Fremington Hagg Roman Cavalry Hoard
The Fremington hoard was found sometime prior to 1833 and the objects were presented to the Yorkshire museum, further items however, were later presented to the British Museum in 1880 and there has be conjecture as to if both collections were from the same, or different hoards. Both however are attributed to Fremington Hagg and can therefore due to there similar construtionand design be treated as from the same deposition.
The hoard comprises of pendants, roundels and other objects related to “horse furniture” of Roman origin, which Graham Webster has suggested were of the period AD60-70, and were probably lost by a Roman force at a time prior to the conquest of Brigantia.
This is the strongest evidence of pre-conquest battle between the Romans and the Brigantes, in his paper “A hoard of Roman equipment from Fremington Hagg (Soldier and civilian in Roman Yorkshire, Leicester University Press 1971, p.107.) Graham Webster states: ” The Fremington Hagg Hoard is therefore most likely to be pre-Flavian and cannot be associated with the conquest of Brigantia in A.D. 71. There were, however, earlier incursions of Roman troops into this area. Tacitus records the events following the divorce of Venutius, when Cartimandua was kept on her throne by force of Roman arms, and fighting may have continued until the end of the governorship of Gallus (Annals, xii, 40). The circumstances of the find, although our total knowledge at present confined to the name of the find spot, would nevertheless seem to indicate a cache of loot taken after an engagement and hidden by a follower of Venutius, never to be recovered. It is even possible to imagine that the warrior may have been deceived by the sparkling, tinned sheen of the trappings into thinking of them as solid silver. It is difficult to conceive of this hoard being buried under Roman auspices.”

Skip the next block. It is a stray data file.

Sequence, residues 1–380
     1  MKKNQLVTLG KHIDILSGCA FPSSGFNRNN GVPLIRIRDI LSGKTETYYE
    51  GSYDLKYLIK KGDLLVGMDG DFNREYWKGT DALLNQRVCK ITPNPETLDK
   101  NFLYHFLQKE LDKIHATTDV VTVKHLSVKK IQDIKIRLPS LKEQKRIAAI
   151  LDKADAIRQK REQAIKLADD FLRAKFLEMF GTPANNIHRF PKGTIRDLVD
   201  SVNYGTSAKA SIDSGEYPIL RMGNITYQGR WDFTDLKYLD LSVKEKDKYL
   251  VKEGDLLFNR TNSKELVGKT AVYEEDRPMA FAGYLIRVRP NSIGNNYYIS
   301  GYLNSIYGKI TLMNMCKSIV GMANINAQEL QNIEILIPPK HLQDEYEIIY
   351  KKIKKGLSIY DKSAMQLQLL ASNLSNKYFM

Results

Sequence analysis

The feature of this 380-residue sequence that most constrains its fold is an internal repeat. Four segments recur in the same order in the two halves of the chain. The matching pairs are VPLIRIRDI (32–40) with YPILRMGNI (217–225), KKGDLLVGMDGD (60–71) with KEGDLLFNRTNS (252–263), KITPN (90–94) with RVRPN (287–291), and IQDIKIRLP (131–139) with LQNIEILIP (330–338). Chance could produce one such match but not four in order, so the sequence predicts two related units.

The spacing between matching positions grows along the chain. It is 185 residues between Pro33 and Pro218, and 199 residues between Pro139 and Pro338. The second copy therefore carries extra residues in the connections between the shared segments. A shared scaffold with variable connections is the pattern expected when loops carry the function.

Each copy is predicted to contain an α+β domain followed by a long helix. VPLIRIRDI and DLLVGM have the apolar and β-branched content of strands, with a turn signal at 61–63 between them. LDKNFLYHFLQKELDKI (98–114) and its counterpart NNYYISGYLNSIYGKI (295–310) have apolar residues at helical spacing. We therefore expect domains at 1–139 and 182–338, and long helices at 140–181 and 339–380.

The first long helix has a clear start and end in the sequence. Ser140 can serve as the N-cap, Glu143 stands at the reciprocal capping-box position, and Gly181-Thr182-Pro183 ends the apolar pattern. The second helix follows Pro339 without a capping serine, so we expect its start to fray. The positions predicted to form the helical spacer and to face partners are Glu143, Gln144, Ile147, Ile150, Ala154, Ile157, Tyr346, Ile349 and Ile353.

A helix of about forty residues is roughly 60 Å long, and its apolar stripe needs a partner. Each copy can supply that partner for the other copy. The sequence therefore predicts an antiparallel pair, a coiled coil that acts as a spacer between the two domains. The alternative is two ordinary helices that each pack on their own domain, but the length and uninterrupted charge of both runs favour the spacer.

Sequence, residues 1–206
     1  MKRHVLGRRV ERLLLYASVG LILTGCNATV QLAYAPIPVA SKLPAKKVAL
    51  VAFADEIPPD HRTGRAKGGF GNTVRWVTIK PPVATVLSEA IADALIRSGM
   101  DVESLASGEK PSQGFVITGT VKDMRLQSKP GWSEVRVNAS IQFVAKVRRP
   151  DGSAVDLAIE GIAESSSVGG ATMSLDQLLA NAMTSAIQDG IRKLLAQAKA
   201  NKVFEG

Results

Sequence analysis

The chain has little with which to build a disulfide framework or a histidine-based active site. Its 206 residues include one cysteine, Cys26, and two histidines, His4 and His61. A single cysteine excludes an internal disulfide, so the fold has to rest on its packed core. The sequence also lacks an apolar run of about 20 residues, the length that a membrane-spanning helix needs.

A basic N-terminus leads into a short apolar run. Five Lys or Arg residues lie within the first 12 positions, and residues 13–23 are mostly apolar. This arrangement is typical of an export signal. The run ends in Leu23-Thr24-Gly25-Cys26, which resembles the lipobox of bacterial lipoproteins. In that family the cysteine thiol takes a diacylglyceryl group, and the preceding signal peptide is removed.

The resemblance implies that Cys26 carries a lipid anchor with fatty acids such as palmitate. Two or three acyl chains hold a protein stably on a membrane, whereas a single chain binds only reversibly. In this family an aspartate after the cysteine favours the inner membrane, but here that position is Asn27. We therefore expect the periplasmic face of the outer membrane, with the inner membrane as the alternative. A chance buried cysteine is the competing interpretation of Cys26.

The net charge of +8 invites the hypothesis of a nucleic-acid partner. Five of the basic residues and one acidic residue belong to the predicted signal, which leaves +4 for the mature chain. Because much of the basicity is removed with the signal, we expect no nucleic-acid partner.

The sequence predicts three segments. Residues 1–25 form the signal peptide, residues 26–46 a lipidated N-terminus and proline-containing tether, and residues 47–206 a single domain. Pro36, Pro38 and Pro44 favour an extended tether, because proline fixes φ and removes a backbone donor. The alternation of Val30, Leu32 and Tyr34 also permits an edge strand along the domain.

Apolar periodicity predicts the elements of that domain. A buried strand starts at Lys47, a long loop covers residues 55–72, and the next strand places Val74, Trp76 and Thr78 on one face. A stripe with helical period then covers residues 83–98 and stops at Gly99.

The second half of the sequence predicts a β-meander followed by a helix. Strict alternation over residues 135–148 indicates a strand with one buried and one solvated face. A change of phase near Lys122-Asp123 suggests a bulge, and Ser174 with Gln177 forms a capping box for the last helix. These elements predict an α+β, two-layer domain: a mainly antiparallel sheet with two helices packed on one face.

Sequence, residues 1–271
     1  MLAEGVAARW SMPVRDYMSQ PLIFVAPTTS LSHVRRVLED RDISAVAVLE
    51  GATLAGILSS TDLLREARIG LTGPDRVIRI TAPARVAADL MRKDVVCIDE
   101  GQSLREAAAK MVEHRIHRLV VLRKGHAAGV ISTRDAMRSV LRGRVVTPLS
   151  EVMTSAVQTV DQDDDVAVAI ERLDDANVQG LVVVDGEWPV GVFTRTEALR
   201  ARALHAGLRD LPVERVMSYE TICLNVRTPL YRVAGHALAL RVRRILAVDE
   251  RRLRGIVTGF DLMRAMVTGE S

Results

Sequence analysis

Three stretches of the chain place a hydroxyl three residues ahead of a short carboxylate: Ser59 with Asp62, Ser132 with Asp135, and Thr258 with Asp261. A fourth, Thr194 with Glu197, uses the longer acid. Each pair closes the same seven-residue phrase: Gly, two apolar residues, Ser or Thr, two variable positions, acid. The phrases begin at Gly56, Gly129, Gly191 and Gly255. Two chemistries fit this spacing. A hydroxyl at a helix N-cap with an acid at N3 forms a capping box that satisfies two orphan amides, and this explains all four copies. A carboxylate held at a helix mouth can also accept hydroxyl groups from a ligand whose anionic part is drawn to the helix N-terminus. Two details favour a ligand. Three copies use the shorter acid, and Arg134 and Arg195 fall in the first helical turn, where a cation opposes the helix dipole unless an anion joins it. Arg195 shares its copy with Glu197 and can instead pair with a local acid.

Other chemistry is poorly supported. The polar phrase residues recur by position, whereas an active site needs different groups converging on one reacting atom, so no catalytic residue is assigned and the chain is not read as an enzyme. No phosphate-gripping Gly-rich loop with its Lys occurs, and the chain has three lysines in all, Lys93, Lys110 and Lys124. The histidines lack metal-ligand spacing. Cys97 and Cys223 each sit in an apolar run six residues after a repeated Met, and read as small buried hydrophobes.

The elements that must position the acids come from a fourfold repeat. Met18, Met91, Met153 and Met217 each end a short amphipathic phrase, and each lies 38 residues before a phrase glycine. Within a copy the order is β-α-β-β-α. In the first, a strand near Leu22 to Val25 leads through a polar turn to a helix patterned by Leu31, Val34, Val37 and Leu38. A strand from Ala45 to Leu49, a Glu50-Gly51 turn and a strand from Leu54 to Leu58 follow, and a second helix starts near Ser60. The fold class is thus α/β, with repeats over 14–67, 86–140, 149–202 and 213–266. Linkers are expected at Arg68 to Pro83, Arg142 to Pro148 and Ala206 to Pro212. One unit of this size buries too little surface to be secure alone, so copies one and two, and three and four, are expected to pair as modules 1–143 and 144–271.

This find, together with the earthwork dykes thrown up to separate Fremington from the Reeth valley, an area which was probably heavily engaged in lead mining at the time and was certainly an Iron Age centre would tend to indicate that this is the site of the first major engagement between Cartimandua and Venutius, the conjecture being that Venutius by force of otherwise had taken the area of Reeth, which was rich in the resources needed to fund his revolt against Cartimandua. Cartimandua, feeling the effect of this loss of territory, retaliated by attacking Venutius at Reeth. After laying seige to the Reeth area, Cartimandua found herself in difficulty, possibly pinned down in the Fremington area (Fremington Castle Manor, a folly, may have been built over a much earlier earthwork), and needed to send for Roman help. The Roman’s, realising the need for a rapid response, sent a cohort of cavalry to mount a rescue operation, which was a success, but not without the loss of Roman lives.
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